Thus, stellar scores and residency at places like MGH, BWH, JHU is certainly helpful, if you want to be competitive.QUOTE]

When you say "stellar scores" do you mean USMLE 1 and 2, or RISE? What about step 3. Would a 99 on step 3 be of any help?
 

PathOne

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The selection process seems rather opaque. But since derms and paths are competing for the same positions, it would certainly be true that you'd need to be a strong applicant coming from path, so derm stats can be a - rough - guide.

Also note, that since dermpath is post-residency (like all fellowships), the PD's have more parameters on which to judge your aptitude. Strong LoR's and proven aptitude in a strong derm/path program seem to play a very big role, as does interview.

Dermpath is generally not as IMG/FMG-hostile as derm, and if you have a strong resume, a non-US degree certainly wouldn't exclude you. However, I don't think anyone cares about your Step 3...
 

pathdawg

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LADoc00 said:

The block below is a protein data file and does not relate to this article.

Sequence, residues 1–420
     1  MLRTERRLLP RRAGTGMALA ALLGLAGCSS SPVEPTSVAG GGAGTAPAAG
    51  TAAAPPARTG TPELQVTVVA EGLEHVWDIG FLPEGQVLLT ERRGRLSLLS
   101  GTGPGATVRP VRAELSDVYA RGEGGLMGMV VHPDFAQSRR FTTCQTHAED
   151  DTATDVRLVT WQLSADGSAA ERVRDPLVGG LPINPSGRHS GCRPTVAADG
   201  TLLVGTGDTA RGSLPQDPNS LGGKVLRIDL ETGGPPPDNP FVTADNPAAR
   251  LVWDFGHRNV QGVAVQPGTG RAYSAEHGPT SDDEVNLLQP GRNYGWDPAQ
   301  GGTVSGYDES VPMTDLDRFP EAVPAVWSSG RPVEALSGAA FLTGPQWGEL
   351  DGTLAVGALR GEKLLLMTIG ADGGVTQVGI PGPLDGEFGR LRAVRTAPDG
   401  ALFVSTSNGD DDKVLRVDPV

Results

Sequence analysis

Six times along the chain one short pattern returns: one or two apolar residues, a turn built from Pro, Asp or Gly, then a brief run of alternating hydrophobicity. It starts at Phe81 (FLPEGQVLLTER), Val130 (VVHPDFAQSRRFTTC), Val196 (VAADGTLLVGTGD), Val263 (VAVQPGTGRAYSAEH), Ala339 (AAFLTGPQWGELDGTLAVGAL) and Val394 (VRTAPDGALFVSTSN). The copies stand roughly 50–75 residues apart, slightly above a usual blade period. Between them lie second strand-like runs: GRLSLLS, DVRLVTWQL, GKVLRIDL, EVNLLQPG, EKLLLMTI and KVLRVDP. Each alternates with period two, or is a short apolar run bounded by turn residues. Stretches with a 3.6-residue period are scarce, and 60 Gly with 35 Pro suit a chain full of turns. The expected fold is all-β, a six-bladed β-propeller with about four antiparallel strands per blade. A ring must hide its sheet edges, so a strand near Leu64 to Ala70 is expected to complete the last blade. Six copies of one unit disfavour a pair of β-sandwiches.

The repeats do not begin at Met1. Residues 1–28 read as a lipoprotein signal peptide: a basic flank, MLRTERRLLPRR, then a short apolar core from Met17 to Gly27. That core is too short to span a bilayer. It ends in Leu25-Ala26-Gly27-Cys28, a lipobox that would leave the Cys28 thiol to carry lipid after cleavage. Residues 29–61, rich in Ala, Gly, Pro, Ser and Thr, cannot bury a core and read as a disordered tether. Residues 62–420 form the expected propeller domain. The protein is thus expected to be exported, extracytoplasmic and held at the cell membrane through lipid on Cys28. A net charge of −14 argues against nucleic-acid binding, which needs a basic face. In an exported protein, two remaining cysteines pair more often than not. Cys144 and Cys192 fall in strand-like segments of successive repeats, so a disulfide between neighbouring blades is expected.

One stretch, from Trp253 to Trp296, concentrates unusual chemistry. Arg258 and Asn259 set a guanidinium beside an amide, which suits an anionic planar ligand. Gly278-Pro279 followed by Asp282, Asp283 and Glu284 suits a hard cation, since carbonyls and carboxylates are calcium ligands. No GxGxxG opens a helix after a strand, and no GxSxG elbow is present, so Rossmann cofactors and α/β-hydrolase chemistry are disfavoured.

My advice: do the least you have to do to get a good job, then begin working the biz side of medicine. Get on admin committees and shat like that. Dude, I applied to the MSKs/MDAs/JHU type fellowships thinking that would get me ahead, when it comes down to it, it just makes you somebody's well-read, well-educated little bitch.

Testify, brother.
 

scopemonkey

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Best way to ge into a derm path fellowship is to go to a place with a derm path fellowship and get friendly with the right folks.


PathOne said:
The selection process seems rather opaque. But since derms and paths are competing for the same positions, it would certainly be true that you'd need to be a strong applicant coming from path, so derm stats can be a - rough - guide.

Also note, that since dermpath is post-residency (like all fellowships), the PD's have more parameters on which to judge your aptitude. Strong LoR's and proven aptitude in a strong derm/path program seem to play a very big role, as does interview.

Dermpath is generally not as IMG/FMG-hostile as derm, and if you have a strong resume, a non-US degree certainly wouldn't exclude you. However, I don't think anyone cares about your Step 3...
 

PathOne

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Yes, that generally works as a charm for ALL types of fellowships. However, there's one small problem: The two top cancer centers in the country, M.D.Anderson & Sloan-Kettering, don't have ANY path residencies, only fellowships. Same applies to Ackerman, btw. But you CAN do rotations, of course.